I had the pleasure of seeing this in IMAX. You probably know from the marketing of this film that it was shot using a combination of a 65mm IMAX, and a 65mm large format film stock, and that it was the first feature-length film to use IMAX cameras in a handheld capacity after advice from Steven Spielberg and Ron Howard. It is not common for a modern film to sell itself on how it was shot, but when I saw Dunkirk I understood why. The entire movie relies on grandeur shots and various perspectives and it was a distraction because it is genuinely fascinating to watch. From long sweep shots on the beaches to long scope shots of the soldiers lining up to escape, it is obvious that Nolan indulged his obsession of using certain cameras in his most IMAX-shot film to date.
Continue reading Review – Dunkirk
It’s Christopher Nolan’s World War II movie. And I know that sounds a bit snarky and reductive, but considering that Dunkirk is pretty much exactly the movie I imagined it being when I heard the words, “It’s a Christopher Nolan World War II movie,” I really don’t think there’s any better way to describe it.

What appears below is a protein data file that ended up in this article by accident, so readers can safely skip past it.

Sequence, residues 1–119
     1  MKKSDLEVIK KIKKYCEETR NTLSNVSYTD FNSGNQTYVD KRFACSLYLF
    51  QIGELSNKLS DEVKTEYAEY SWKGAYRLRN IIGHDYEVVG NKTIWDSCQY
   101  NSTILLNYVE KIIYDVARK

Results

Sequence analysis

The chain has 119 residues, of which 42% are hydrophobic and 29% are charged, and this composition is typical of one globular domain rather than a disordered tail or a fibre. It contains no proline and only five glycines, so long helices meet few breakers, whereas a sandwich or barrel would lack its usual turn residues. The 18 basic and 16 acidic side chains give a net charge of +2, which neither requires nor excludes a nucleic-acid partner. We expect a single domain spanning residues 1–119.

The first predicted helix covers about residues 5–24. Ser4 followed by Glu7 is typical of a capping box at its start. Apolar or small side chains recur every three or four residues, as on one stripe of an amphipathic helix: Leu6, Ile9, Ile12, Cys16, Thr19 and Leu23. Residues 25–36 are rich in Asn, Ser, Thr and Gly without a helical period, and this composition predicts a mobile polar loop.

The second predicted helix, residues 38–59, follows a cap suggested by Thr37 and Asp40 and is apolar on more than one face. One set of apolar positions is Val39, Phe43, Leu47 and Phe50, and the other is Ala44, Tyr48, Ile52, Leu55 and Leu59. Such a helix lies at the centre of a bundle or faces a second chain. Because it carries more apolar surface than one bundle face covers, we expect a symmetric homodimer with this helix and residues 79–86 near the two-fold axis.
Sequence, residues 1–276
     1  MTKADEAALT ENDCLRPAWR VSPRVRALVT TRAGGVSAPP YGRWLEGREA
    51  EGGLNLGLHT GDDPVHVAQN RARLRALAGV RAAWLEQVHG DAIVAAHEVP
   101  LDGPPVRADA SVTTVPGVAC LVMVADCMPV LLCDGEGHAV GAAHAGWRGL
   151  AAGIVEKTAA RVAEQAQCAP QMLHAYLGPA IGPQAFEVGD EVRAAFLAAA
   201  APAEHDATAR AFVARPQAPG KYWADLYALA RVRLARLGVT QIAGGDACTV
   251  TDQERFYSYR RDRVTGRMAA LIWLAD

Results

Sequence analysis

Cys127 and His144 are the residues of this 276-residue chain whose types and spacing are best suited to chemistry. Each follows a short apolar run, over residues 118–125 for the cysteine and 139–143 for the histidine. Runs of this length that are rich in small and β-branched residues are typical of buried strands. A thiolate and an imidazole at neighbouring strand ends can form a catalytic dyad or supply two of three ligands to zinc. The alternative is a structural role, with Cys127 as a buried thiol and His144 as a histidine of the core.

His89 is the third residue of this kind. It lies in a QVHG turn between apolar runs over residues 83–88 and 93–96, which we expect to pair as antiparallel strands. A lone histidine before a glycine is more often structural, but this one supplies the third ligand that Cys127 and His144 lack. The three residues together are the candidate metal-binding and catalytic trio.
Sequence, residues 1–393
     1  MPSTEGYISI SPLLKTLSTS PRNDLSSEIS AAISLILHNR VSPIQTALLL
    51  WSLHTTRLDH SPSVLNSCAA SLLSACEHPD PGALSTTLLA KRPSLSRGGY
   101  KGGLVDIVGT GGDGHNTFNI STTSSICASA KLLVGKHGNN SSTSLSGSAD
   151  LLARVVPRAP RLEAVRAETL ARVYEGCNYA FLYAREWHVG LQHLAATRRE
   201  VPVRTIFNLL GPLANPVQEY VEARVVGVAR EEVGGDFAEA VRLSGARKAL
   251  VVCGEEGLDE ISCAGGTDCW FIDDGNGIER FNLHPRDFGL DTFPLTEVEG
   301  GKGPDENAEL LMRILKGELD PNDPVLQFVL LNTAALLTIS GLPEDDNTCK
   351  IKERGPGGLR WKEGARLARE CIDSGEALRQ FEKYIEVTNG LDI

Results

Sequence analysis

You have a problem with Christopher Nolan, don’t you?
Not at all, despite what colleagues of mine might have you believe. I think Nolan’s a legitimate auteur of extraordinary technical acumen, and one of painfully few contemporary filmmakers whose releases feel like cultural events. But unlike his legions of obsessed devotees – blimey, this guy’s fanbase is fucking insufferable – I’m perfectly willing to admit the faults and failings of his filmmaking; to say, for instance, that Interstellar’s entire third act is hippie hogwash, or that even his best films (The Dark Knight and Inception) are still overlong and irritatingly self-indulgent.
See, Nolan’s such a devout technician that for him, the click of a movie coming together isn’t the unity of its themes and ideas, but the gears of a giant mechanism locking into place. He has no sense of emotional proportionality. He believes he’s tackling important existential dilemmas, but he confuses what his movies are about (loss, love, revenge, family) with what they actually are, which is often deliriously gorgeous puzzle boxes that don’t contain much of anything. But when he’s working at his best, his intellectual and emotional shallowness hardly matters; he can claim that time and space are infinite and manipulable, and make you believe him.